Update 9/20/10 8:30 p.m.: Please check out John Fleck’s excellent post about the connection between La Niña and flow in the Colorado River. His reporting shows there is not much of a correlation. (Also see my update with comments from Klaus Wolter below.)
By one measure, the tropical Pacific Ocean has plunged into La Niña conditions at a record pace over the past three months. The result: as of September 3, this La Niña is the second strongest on record for this time of year.
If moderate to strong La Niña conditions persist, as scientists expect, they should alter weather patterns around the world, including over the United States. Projecting specific impacts in the future is obviously a difficult proposition. But one scenario is that already dry conditions in the Southwest could worsen, further depleting lakes Mead and Powell on the Colorado River.
UPDATE 9/20/10 4 p.m. And some impacts may have already turned up. According to Wolter, La Niña typically is associated with dry and windy conditions in late summer and fall in Colorado, with a heightened risk of wildfire — and that has already happened.
In fact, a particularly intense wind storm on Labor Day weekend along Colorado’s Front Range was the strongest he had seen at that time of year for over two decades. That was the day that the Fourmile Canyon fire, the most destructive wildfire in Colorado history, started. Driven by the winds through dry forests, it quickly spread to more than 6,000 acres and destroyed 169 homes.
At ESRL, Wolter monitors the El Niño/Southern Oscillation, in which conditions in the tropical Pacific seesaw between warmer and cooler than normal sea surface temperatures. La Niña is the cool phase of the seesaw, and it began to take hold earlier this year.
NOAA’s official ENSO advisory, published monthly, focuses on a a number of variables, including sea surface temperature. The most recent advisory states simply that “it is likely that the peak strength of [of the current La Niña] will be at least moderate . . . to strong.”
Wolter uses a more detailed approach than the one employed in the official NOAA advisory. Called the “Multivariate ENSO Index,” or MEI, it takes into account more variables, such as winds, cloudiness, ocean and air temperatures, and atmospheric pressure. When La Niña conditions take hold, the index declines into negative values. This time, the MEI “has dropped just about as fast as it can,” Wolter says.
One has to go back to 1955 to find stronger La Niña conditions for this time of year in the MEI record, and back to September-October 1975 for lower MEI values at any time of year.
UPDATE 9/20/10 4 p.m.: Wolter says NOAA has been a little slow to acknowledge the speed of this La Niña’s development, and its depth. “NOAA has just been a bit too conservative in calling this one ‘moderate to strong’, he says. “My guess is that they will change their tune by next month’s update, or the month after that.”
Climatologist Bill Patzert of NASA’s Jet Propulsion Laboratory, Pasadena, Calif., agrees that ”this La Niña has strengthened for the past four months, is strong now and is still building.” Quoted in a JPL press release, he worries about the impact on the southwestern United States and California:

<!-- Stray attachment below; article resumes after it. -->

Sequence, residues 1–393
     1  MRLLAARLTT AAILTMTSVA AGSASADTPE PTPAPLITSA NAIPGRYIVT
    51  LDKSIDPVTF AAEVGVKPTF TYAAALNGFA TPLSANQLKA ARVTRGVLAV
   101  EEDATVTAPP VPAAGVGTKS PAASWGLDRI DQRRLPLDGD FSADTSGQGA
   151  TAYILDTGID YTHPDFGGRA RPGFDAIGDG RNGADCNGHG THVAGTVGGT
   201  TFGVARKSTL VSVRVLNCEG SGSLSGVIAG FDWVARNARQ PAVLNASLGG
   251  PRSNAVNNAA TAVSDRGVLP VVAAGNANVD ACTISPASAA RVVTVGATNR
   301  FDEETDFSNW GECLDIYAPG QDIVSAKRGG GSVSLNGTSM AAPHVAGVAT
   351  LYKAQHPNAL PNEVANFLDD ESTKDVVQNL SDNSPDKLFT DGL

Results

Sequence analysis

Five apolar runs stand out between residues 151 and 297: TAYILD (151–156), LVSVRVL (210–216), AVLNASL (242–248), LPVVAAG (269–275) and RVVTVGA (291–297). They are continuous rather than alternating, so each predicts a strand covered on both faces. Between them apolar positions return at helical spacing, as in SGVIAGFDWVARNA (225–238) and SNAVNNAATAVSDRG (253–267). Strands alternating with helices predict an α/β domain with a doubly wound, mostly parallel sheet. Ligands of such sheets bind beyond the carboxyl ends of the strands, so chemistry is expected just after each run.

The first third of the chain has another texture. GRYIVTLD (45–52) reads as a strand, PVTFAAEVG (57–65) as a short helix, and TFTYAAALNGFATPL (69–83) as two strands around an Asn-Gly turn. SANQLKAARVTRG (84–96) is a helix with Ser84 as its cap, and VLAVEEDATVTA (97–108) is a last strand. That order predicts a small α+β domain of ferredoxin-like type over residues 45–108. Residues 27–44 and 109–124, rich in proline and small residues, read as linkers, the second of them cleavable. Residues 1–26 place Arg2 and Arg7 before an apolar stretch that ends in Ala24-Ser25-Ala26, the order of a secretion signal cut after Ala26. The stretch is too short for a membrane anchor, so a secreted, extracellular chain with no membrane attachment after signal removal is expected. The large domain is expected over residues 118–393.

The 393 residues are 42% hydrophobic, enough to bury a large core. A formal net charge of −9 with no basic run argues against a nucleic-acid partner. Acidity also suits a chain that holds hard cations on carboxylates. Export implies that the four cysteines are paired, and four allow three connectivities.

“After more than a decade of mostly dry years on the Colorado River watershed and in the American Southwest, and only one normal rain year in the past five years in Southern California, water supplies are dangerously low . . . This La Niña could deepen the drought in the already parched Southwest and could also worsen conditions that have fueled Southern California’s recent deadly wildfires.”
La Niña typically brings enhanced chances of below-average precipitation in the Southwest (along with above average precipitation in the Pacific Northwest).
UPDATE 10/20/10 9:40 a.m: Here is part of Klaus Wolter’s response to some questions I sent him after I posted the original article. I’ll post all of his relevant comments as time allows. For now, here is what he says about the potential impact of the developing La Niña on Colorado and areas further south.
Big impact is dry late summer/fall weather, already being observed. There is also a higher risk of wildfires due to more windstorms as we get into early winter (the Labor Day windstorm west of Boulder was the strongest I have witnessed since 1988 for this time of year). As I wrote above, the prospects for areas to our south are fairly grim this winter, while November through February can be quite snowy with La Niña in our mountains (recall how 2007-8 had lots of snow during the winter months, except for November). I will probably come up with a more detailed forecast later this fall, stay tuned.
Lakes Powell and Mead along the Colorado River have been severely impacted by a decade of dry conditions. Lake Powell is currently at 63 percent of capacity. Lake Mead is in even worse shape: It’s at just 40% of capacity, and still dropping. To find a lower level for the lake, you have to go
way back to 1936 1956, shortly after Mead began to fill.
Given the strengthening La Niña, a rebound doesn’t seem terribly likely. And that may be putting it mildly.